Social Studies: Is TMZ morally bankrupt or a legitimate news source?

When I heard that the New Yorker, the high brow magazine (which I read) was working on a story about TMZ, the low brow website (which I also read), and their “unorthodox reporting tactics,” I got excited. When I found out that investigative reporter Nicholas Schmidle, who penned this 2011 piece called Getting Bin Laden, was assigned to the task, I may have squealed. 

This could be good, really good. 

And it is: the magazine recently posted the 10,000-word profile on the celebrity gossip site and its creator, lawyer Harvey Levin, online, for free. I don’t think you’ll regret reading it

Levin has said before that TMZ has never hacked phones and while they’re happy to buy tips, video content and photographs from any source, they refuse to pay for interviews. The New Yorker story confirms what we already knew. But what it does reveal—at least to me—is that their sources aren’t who you might expect: think the LAPD, court house staff, airline employees, celebrity handlers and PR reps. 

But how “unorthodox” is TMZ? Schmidle touches on the fact that “scandal has been chronicled for millennia” and that Hollywood has a long history of gossip columnists writing for publications that could make or break a celebrity’s career: “In 1905, the section’s editor [of Town Topics] attempted to blackmail Emily Post’s husband after learning of his infidelity,” for example. “In the nineteen-fifties, Confidential gained access to the head of Columbia Studios by leveraging tapes of Rock Hudson that referred to his homosexuality.”

But today, venerated news outlets, like the New York Times, don’t pay for information. If they did, think about the incentive that’s created to falsify information for money: “The Society of Professional Journalists condemns the practice of paying sources, saying that it ‘threatens to corrupt journalism,’” writes Schmidle.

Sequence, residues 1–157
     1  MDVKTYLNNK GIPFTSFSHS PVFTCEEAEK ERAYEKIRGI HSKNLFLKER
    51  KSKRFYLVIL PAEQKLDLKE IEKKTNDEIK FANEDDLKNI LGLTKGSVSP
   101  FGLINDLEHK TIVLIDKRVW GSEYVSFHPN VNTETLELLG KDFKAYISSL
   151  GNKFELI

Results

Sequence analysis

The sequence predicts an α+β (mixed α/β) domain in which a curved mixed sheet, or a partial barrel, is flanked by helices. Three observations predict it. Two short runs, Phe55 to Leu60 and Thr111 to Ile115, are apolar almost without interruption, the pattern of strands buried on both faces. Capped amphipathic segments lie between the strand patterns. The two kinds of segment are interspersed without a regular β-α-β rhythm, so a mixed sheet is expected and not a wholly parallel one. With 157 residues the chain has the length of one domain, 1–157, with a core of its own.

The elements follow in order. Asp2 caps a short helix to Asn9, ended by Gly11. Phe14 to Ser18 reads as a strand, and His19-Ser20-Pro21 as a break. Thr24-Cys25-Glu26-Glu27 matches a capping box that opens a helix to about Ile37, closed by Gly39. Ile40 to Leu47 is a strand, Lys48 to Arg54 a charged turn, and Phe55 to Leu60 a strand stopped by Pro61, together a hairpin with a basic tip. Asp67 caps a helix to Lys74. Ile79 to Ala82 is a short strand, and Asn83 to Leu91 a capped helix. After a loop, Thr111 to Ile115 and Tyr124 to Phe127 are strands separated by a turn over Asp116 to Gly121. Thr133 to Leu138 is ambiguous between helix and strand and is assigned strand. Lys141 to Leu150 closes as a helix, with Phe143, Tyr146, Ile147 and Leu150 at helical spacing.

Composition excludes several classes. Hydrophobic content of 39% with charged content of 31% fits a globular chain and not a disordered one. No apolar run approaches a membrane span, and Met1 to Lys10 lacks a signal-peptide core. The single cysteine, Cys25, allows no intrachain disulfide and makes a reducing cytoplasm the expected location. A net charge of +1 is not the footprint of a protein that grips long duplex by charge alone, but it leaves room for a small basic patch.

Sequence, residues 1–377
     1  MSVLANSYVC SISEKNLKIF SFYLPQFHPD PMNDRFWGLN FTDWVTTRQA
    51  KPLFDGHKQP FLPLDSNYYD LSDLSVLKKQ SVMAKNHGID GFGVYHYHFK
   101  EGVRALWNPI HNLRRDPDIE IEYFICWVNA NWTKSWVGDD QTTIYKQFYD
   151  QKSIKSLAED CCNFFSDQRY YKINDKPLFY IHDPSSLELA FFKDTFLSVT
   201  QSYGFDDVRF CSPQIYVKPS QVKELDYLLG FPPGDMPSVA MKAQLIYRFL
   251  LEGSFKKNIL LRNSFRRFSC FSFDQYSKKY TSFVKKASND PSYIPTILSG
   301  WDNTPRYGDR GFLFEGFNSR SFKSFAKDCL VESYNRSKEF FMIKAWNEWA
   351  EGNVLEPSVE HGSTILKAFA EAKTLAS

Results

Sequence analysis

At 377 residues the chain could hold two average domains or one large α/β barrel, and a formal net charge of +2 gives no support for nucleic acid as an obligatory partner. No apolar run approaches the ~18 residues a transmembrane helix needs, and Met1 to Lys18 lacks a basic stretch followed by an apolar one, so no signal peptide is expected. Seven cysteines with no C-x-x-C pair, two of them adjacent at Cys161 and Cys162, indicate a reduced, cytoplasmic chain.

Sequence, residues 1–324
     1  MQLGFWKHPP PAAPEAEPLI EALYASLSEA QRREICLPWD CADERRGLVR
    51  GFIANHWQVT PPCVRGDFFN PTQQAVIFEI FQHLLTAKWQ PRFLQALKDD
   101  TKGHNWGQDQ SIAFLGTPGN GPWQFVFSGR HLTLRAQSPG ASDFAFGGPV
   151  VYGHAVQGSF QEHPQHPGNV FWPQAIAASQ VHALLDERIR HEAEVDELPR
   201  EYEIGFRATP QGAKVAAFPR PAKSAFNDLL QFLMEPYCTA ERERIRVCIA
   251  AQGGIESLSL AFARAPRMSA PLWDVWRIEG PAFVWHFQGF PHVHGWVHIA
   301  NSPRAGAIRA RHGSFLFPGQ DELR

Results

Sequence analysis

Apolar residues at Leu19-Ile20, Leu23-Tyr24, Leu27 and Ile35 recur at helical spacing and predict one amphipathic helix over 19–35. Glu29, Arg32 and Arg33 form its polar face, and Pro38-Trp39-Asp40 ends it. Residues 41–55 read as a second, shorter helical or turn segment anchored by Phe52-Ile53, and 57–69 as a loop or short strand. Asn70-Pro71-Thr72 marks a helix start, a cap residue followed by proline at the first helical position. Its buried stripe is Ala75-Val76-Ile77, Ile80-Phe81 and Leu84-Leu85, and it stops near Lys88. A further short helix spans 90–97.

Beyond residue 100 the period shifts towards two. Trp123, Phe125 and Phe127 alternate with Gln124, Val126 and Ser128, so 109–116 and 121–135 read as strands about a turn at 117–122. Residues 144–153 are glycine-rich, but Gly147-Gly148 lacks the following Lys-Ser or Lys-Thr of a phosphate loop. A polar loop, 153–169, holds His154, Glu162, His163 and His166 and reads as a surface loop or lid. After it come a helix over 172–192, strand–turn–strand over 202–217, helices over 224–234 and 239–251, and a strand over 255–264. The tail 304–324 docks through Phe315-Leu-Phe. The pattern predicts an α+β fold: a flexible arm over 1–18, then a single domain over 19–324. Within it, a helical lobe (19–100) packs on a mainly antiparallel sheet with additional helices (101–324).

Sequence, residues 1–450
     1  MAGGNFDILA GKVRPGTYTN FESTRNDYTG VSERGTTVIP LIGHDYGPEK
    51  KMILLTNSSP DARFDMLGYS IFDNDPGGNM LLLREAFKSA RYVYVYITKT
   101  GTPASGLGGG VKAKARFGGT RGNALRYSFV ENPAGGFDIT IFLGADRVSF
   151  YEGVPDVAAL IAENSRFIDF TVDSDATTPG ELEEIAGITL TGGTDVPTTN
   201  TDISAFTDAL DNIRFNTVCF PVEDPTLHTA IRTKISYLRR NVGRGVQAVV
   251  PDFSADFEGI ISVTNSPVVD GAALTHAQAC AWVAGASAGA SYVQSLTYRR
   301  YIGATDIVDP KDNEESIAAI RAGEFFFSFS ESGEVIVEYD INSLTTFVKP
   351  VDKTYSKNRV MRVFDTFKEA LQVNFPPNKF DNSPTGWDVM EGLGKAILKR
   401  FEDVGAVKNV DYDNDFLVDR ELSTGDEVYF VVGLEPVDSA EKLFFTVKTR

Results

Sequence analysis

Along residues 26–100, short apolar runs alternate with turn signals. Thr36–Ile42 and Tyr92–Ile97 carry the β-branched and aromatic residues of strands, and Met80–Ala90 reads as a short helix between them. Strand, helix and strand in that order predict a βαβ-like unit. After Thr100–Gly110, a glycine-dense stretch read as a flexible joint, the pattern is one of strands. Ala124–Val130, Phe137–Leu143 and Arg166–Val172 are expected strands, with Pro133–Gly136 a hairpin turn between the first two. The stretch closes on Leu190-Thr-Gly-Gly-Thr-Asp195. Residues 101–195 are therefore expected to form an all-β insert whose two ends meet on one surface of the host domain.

But Levin, who refused to speak to the New Yorker about the story, has always been unapologetic. “There’s nothing wrong with it,” Levin told Fox News’ Media Buzz. “The video is still the video. So who cares whether you pay money for it?”


And consider this: “Currently, TMZ has three reporters stationed full-time at the [Los Angeles County Municipal Court],” Schidle says, and “the Los Angeles Times has one court reporter.” 

In other words, TMZ hustles. Rarely do they get it wrong. Their reporters know the ins and outs of digging for a story using the courts just as well, arguably, as a Times reporter. The only difference is that their digging for decidedly different things. (Okay and yes, the money part.)

Still, what’s interesting, maybe even ironic, is that venerated news outlets will pick up exclusive stories from TMZ, including Mel Gibson’s DUI, Michael Jackson’s death, the Ray Rice casino elevator video, and Solange and Jay Z hotel elevator. They’re not directly paying the sources that provided TMZ with the exclusive news, but they’re sharing that news. Ethics become blurred, if you ask me. 

Consider this, too: Jezebel paid $10,000 for un-retouched photos from a Redbook cover shoot to make a point about how womens’ magazine create this false perception of beauty. Because the message is “better” does that make the act any less immoral?

Is it even immoral to begin with? I don’t know. But I do think this is part of a much larger conversation about what constitutes as news, what news we are consuming the most of, and our hunger for gossip. 

What are your thoughts? Is it ethical to pay for scoops? Do you agree with Levin? The information is still out there, so why not pay for it, as long as its not falsified. Is there greater value with getting that information out there regardless of the way in which it is obtained? (Think about Ray Rice, for example: after TMZ published the video of him punching his fiancĂ©, the NFL has suspended him indefinitely.) And what do you make of the hundreds of “legitimate” media outlets who are on stand by to share whatever story TMZ digs up next? 
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